One of the interesting claims made by the hard core Membership First crowd inside the Screen Actors Guild is that start up companies in the new media environment such as Hulu are beginning to rake in huge profits and that that is sure to destroy the living standard of working actors.
Critics of that position point out that new media is hardly a blip on the radar of the studios as of yet and when it comes to profitability there is nothing to be found.
It seems that the hard core SAG types are unaware of the kinds of rhetoric used by startup companies to bring on media attention, drive users to their sites and win the hearts of investors. In securities law, this is called “puffery” and it is not illegal if it is the type of language that sophisticated investors can see right through.
Hulu is currently the subject of this kind of puffery and sadly the SAG hard liners can’t seem to see through it. Thus, they have put all their chips down on making incremental gains in new media, practically tearing their union apart to do so, while ignoring the huge real cash cow that keeps the studios humming, DVD revenues.
The Financial Times recently estimated that DVD revenues bring in $24 billion to the studios while new media revenues worldwide are only $200 million.
And of course that $200 million is only the top line number. Hulu advocates used a similar approach to bolster their numbers. One web based source said Hulu had “made” $12 million. And SAG sent out an email to its members contending, with no basis whatsoever, that Hulu had made $12 million in profits.
Neither was correct.
Apparently the source for the $12 million figure was a report on All Things Digital that Hulu was “profitable.” That author now has apologized and explained that he misunderstood the research he had reported on (readily available from Screen Digest, an industry analysis team) – he admits what the Insider pointed out – this was a “gross profit” number not “net profit.” Sure, as this article from Silicon Alley Insider notes, so-called “net revenue” is positive – but that’s just gross revenue minus “cost of goods sold.”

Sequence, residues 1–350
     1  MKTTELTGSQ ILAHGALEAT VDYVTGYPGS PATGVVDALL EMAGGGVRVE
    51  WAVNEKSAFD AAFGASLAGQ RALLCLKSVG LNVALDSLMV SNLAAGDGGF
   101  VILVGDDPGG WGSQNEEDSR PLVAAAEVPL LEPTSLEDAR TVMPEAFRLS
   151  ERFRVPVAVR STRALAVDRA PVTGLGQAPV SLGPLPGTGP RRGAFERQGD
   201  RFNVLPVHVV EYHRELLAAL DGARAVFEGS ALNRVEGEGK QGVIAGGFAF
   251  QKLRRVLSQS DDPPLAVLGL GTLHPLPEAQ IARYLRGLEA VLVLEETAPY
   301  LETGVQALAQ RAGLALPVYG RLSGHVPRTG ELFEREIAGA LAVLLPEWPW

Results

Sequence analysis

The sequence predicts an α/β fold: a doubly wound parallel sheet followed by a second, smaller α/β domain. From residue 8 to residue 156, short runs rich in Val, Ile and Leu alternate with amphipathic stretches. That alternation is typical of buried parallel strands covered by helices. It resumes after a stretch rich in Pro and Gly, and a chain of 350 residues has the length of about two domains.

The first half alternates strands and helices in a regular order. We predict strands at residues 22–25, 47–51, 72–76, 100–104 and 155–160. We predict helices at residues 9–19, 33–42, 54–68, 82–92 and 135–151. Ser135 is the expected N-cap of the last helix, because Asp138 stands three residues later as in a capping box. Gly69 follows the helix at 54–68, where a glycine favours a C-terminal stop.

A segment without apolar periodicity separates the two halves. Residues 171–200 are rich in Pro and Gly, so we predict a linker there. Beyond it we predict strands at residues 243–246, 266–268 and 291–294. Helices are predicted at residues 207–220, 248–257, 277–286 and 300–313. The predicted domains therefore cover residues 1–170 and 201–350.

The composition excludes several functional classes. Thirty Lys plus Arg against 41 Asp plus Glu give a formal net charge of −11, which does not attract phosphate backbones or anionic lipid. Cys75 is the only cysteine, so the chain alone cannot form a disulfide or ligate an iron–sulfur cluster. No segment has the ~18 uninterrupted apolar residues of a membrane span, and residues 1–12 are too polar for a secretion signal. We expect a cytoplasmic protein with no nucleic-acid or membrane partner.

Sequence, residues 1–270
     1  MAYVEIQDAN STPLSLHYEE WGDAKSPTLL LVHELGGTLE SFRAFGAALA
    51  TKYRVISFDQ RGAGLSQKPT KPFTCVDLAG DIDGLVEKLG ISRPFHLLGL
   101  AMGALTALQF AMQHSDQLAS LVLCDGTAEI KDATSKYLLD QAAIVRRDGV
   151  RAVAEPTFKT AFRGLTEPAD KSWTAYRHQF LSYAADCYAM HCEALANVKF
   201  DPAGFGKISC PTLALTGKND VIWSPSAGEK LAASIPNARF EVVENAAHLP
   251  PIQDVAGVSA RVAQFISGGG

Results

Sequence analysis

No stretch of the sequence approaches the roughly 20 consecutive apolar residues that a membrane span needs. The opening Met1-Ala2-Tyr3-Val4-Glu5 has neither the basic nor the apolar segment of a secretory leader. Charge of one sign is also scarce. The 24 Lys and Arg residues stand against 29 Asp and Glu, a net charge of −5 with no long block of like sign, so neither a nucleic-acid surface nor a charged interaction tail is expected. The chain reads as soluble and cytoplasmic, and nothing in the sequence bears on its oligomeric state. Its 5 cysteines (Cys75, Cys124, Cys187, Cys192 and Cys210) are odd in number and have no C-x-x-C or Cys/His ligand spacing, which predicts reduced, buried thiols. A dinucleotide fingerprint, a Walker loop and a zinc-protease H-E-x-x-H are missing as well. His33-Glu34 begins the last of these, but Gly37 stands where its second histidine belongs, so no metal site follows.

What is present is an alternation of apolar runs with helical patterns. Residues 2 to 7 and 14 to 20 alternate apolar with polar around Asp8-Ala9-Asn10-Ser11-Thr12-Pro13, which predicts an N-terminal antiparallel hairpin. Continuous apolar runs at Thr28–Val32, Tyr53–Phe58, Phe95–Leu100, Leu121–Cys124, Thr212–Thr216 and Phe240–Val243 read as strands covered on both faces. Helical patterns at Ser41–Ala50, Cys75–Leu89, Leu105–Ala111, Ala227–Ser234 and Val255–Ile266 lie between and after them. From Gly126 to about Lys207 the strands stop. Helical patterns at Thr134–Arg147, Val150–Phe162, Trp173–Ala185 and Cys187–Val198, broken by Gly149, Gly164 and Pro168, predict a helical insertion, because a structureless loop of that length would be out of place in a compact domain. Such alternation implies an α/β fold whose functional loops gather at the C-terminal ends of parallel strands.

In fact, there is nothing left over when you reach the bottom line. Less than zero, in fact, as the Insider notes. The same research indicates that You Tube is not making any money either!
In fact, it would be considered anathema at this stage if Hulu were NOT losing money – that’s what startups are supposed to do, even when hatched by big players like NBC and News Corp, as Hulu was two years ago. They should be losing money in order to expand.
Naturally, SAG should fight for union jurisdiction over new media. But one has to wonder why they have left the 600 pound gorilla in the room, DVDs, on the table untouched.